The Sweet Spring Still Flows

February 2003 Feature Story

“The Sweet Spring Still Flows”

(Reprinted from the Omaha World Herald, Magazine of the Midlands, Sept. 15, 1974) photos and story by Harold CowanOne Hundred Years of Heims…
The sweet spring still flows it’s crystal waters after all these years – and what a benediction it must have been that day in 1874!
As he stooped to drink, young Jacob G. Heim must have felt in his bones that it would be an everlasting source. It was to be a summer of drought in ’74, you know, and in the new raw land water was everything.
The ninth son Benjamin, they’d left under the sod in Pennsylvania and two more, Solomon and Mary, were to die that fall of ’74 of diphtheria and be buried in the little cemetery down the road. During the next dozen years, other individuals and families from Pennsylvania, all of them related to each other, moved into the vicinity and came to be known as the Pennsylvania Colony of Nebraska.

And now, one hundred years later, old Jacob himself and Regina, as well as many of their progeny and others among the Pennsylvanians, lie buried in what is called the “Heim Cemetery.”

Old Jacob died in 1914, Regina six years later, and it was in that year, 1920, that the “colony” met for a family picnic and reunion that was to be the first of such events held each year since that time. The 1974 reunion marked the centennial of the arrival of Jacob, Regina, et al. The day’s registry listed 265 souls from 17 states, plus Manitoba, Canada, including 14 from Pennsylvania, 11 from Montana, others from Michigan, Maryland, Indiana, Iowa, New Mexico, Oregon, California, New York, Illinois, Kansas, Missouri, Arizona, Colorado, Oklahoma, and Nebraska.
They came to the very spot where Jacob had cast his family’s lot, hard by the sweet spring, and picnicked under the towering trees on the slope fronting the house he built there. It was Sunday, bright and pleasant, save for the aridity, itself a centennial reminder of the drought young Jacob knew. The summer of 1974 knew drought, too. The sear native grass crumbled underfoot.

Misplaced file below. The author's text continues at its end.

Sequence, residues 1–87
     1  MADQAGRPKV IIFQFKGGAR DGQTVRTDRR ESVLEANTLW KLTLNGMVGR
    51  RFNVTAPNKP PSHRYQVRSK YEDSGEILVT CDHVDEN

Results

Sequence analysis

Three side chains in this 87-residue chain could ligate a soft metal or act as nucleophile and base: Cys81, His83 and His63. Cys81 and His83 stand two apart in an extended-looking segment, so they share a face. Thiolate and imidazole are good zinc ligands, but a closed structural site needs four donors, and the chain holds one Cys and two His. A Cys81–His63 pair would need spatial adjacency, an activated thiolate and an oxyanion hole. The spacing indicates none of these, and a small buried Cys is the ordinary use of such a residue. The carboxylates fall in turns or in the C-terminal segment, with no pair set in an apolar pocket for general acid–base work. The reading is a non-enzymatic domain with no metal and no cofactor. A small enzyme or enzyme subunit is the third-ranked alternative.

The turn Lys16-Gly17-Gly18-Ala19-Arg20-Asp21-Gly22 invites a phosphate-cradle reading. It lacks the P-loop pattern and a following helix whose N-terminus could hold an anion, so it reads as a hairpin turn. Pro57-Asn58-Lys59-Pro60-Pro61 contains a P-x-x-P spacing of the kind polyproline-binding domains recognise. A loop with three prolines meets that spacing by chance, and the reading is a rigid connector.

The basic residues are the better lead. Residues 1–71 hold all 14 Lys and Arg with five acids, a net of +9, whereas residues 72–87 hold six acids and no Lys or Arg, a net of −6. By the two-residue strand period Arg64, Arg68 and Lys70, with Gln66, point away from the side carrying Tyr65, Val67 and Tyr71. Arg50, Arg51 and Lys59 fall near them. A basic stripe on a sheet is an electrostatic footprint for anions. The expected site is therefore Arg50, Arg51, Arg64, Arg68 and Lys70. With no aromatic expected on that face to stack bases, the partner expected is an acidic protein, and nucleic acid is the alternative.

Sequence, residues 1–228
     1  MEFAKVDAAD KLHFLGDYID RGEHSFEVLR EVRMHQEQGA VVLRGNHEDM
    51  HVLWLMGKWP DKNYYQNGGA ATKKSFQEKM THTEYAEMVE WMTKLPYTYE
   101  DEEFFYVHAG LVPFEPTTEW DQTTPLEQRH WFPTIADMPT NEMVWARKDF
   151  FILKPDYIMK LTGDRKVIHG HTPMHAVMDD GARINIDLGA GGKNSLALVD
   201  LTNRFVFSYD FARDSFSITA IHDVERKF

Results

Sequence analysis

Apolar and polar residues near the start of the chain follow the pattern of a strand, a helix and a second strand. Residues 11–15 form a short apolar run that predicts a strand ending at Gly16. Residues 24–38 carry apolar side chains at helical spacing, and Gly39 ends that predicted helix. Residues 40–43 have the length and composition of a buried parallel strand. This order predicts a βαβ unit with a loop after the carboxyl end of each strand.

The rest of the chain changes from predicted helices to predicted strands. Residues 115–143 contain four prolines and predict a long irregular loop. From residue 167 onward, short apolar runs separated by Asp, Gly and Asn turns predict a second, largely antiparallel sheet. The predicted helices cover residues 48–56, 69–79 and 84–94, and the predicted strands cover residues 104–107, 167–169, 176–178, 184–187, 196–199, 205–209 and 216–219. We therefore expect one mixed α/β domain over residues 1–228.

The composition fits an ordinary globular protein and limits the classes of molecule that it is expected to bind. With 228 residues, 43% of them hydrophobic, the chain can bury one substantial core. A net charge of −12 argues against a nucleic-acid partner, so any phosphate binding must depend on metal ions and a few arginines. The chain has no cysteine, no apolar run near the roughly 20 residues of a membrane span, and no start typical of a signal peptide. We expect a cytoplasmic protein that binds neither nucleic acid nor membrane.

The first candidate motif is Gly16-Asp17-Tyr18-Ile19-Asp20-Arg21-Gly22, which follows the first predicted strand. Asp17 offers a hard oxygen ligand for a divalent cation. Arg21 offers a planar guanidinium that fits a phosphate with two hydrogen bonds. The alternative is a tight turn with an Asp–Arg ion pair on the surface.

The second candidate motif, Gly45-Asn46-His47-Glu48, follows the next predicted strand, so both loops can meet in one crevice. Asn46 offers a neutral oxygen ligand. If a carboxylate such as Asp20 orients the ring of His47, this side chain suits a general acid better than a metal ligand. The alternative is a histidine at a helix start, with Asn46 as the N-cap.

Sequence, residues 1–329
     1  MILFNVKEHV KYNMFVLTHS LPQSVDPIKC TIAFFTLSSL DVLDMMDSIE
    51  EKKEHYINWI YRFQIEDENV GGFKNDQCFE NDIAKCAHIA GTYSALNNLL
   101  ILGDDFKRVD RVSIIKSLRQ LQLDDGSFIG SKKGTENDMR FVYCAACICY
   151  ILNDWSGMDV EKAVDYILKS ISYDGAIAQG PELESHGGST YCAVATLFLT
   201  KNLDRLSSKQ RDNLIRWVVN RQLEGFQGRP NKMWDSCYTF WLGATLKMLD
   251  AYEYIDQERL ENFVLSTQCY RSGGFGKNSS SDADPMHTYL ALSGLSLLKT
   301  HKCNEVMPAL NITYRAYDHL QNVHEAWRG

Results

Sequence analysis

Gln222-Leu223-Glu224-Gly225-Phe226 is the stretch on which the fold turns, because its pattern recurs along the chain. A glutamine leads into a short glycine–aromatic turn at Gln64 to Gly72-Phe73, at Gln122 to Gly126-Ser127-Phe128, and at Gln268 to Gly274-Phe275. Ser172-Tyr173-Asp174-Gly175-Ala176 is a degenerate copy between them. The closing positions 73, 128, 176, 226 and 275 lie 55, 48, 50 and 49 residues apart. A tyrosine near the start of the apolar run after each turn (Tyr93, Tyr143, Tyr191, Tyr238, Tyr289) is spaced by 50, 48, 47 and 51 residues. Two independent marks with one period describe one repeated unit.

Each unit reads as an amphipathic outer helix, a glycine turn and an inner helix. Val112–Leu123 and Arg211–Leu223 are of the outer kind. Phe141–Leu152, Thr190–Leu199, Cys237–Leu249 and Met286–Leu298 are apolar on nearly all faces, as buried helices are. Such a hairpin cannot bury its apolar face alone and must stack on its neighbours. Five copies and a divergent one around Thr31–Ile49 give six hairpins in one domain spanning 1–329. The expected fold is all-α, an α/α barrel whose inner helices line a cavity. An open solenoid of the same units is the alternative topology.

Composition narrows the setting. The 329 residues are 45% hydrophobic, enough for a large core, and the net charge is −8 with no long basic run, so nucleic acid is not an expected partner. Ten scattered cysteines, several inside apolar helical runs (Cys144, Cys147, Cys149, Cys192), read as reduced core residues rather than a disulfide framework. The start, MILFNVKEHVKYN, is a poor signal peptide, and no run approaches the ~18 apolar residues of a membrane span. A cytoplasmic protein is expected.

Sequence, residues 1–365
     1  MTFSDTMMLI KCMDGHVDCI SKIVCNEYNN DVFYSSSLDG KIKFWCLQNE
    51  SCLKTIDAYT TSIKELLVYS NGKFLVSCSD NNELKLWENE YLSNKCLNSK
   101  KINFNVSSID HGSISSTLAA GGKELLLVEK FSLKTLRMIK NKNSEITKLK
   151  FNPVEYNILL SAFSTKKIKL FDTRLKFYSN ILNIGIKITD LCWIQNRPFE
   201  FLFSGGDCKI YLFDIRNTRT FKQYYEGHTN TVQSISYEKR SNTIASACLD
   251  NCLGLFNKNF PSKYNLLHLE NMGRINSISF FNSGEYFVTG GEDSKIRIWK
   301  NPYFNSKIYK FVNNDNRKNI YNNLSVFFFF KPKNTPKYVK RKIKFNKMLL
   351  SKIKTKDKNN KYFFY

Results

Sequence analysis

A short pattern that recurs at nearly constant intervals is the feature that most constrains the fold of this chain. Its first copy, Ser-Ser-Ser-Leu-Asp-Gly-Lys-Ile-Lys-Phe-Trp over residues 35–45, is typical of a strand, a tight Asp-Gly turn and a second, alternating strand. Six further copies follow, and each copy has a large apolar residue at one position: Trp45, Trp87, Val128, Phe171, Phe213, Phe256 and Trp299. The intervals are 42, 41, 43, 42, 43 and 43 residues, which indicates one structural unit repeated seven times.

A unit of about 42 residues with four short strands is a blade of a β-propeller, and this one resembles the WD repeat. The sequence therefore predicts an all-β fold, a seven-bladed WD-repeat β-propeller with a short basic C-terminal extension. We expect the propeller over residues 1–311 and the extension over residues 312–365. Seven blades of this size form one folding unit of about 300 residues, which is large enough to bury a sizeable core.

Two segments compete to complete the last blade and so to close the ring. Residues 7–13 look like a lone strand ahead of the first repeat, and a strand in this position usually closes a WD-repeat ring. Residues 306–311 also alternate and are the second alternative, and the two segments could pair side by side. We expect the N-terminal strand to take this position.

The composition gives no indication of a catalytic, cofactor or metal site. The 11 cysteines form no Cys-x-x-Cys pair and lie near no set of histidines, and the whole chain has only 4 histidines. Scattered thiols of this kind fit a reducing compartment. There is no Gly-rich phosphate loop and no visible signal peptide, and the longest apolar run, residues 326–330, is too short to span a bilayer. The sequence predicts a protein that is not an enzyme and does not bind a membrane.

Arthur and Lucile Heim live there now; having added somewhat to the 10-room frame house Jacob built, and harnessed the spring for their daily needs. But the place retains much of its original character, including the stonewalls of the basement where the original family first lived. Arthur, is the son of Jonathan, who in 1883 married Louisa Shafer. This couple raised a family of six children. After Jacob and Regina moved to a house in nearby Dawson in about 1910, Jonathan’s family remained on the home place. Jonathan died in 1934, Louisa in 1937.
Arthur still farms the original cropland and honoring his forebears, keeps the house, barns, sheds and grounds clean and spiffy. Inside a freshly painted red barn are old wooden plows his grandfather wrestled. Bunches of onions hang in a shed to dry. Racks of sawn wood are neatly stacked. An old dinner bell has new paint.
The spring’s overflow is piped into a ditch at the foot of the slope. Cups hang there for the thirsty. The water is cold.

The centennial reunion, as all reunions, was mostly for visiting, reminiscing, identifying individuals as belonging to this or that family, and heavy eating. This was the largest of all the family affairs, other reunions at other locations in the vicinity in past years having averaged about 125 persons.